Hollywood is fighting off a nasty illness.

“Sequelitis,” the entertainment industry equivalent of the Zika virus, has gripped major studios. Its symptoms include sluggish box office, feverish critical take downs and disdainful social media reactions.

At least, that’s what analysts and executives are telling themselves after “Teenage Mutant Ninja Turtles: Out of the Shadowsbecame the latest sequel to disappoint. It follows a long line of follow-ups and spinoffs that flopped or failed to live up to their predecessors — a group of underachievers that includes “X-Men: Apocalypse,” “Alice Through the Looking Glass”  and “Neighbors 2: Sorority Rising.”

“Audiences are challenging us to make excellent movies,” said Rob Moore, vice chairman of Paramount Pictures, the studio behind “Teenage Mutant Ninja Turtles.” “The fact that it’s part of a franchise or sequel doesn’t let you off the hook. You need to raise the bar and make the story exciting, compelling and fun.”

If it’s true that audiences are rejecting franchises en masse, it undermines the financial underpinnings of the movie business and it means that major studios should brace for a punishing summer. After all, it’s not like the sequels are showing any signs of stopping.  Over the coming weeks, moviegoers will be treated to fresh installments in the “Ghostbusters,” “Independence Day,” “Finding Nemo,” “Star Trek,” “Jason Bourne” and “Ice Age” series. In fact, nearly every weekend this summer will offer up at least one sequel, reboot or spinoff.

There’s a financial reason for the pile-up. Franchises are the straw that stirs a studio’s drink. As the domestic theatrical business slows, the one area of growth is the foreign box office. To that end, sequels tend to travel, playing particularly well in markets such as China that have become a critical source of revenue.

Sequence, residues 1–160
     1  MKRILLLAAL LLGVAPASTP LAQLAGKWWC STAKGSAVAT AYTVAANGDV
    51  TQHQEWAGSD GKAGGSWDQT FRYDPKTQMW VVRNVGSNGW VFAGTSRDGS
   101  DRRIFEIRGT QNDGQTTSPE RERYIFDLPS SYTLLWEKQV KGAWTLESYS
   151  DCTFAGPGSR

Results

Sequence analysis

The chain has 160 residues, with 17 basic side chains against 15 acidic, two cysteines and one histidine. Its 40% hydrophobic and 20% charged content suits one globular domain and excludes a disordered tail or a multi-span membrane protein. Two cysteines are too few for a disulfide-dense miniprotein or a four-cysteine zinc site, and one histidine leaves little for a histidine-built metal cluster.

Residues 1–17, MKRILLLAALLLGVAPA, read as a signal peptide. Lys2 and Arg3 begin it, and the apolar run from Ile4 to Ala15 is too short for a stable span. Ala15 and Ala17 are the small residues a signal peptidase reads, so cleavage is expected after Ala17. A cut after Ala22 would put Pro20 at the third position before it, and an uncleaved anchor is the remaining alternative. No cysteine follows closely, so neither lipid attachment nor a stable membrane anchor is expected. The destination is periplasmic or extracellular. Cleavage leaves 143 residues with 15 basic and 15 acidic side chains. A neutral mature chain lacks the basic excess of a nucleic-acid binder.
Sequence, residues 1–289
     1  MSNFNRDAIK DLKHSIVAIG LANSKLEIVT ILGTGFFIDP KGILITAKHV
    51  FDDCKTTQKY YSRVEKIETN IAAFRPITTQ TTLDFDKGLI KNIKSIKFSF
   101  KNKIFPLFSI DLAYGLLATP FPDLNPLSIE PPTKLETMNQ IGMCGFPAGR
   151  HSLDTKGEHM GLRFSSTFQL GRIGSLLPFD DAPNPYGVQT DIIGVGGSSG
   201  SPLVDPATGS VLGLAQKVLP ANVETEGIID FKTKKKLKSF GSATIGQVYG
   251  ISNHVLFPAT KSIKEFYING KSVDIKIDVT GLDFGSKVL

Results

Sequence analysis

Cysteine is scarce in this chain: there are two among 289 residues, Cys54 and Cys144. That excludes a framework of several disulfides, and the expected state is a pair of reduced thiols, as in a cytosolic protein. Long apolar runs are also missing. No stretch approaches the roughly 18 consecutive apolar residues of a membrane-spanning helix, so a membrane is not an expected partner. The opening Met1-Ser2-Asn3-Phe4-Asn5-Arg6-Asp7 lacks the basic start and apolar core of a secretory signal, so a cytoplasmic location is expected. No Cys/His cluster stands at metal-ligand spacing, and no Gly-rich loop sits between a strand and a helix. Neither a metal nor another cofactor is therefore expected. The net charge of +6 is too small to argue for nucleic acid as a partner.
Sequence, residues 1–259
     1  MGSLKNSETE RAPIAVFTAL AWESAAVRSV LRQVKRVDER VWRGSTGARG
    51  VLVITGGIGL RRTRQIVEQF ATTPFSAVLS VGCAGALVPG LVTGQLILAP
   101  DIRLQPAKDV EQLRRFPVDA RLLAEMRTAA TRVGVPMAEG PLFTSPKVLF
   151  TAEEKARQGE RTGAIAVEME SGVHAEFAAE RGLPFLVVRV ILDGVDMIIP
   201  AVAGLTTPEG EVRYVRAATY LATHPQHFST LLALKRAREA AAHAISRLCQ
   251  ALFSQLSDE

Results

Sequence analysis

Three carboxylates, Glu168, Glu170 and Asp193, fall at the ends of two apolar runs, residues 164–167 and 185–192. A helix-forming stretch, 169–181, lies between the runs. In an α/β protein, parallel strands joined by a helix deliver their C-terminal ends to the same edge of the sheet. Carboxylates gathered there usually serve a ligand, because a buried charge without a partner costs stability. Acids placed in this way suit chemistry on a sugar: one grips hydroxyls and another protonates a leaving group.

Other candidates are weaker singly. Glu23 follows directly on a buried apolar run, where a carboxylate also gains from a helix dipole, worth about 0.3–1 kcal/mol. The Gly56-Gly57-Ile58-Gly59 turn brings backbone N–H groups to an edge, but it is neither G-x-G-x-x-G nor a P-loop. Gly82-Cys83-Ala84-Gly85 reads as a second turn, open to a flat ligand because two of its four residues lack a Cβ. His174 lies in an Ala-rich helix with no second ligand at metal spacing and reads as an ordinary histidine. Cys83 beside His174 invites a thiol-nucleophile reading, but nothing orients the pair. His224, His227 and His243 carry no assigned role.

Franchise films also lead to greater merchandising opportunities. Characters from sequels are more likely to pop up in ads for cars or fast food. They’re the inspiration for toy lines, t-shirts and theme park rides. Studios are small parts of sprawling media conglomerates. Their value isn’t measured in box office. They exist to create intellectual property that can pollinate the consumer products, television and other divisions of the Comcasts and Time Warners of the world.

Franchise mania isn’t new.  But it has intensified after the success that Disney enjoyed with its Marvel films. The interlocking superhero stories featuring the likes of Iron Man, Captain America, Thor and other costumed Avengers, have created a thirst for cinematic universe building. Every studio wants to be in the game. Even though the reception to “Batman v Superman: Dawn of Justice” was mixed, Warner Bros. is plunging ahead with a half-dozen films based on DC Comics heroes. Its next installment, “Suicide Squad,” debuts in August. Not to be outdone, Universal has begun producing a series of films based on monsters such as the Mummy, the Invisible Man and Dracula that will see various creatures and freaks of nature interacting over the course of several sequels and standalone adventures. Given that Disney is the envy of its major studio rivals, it’s understandable it would inspire imitators. There’s a danger, of course. As studios go farther and farther down the intellectual property food chain, the cinematic universe construction boom could eventually bust.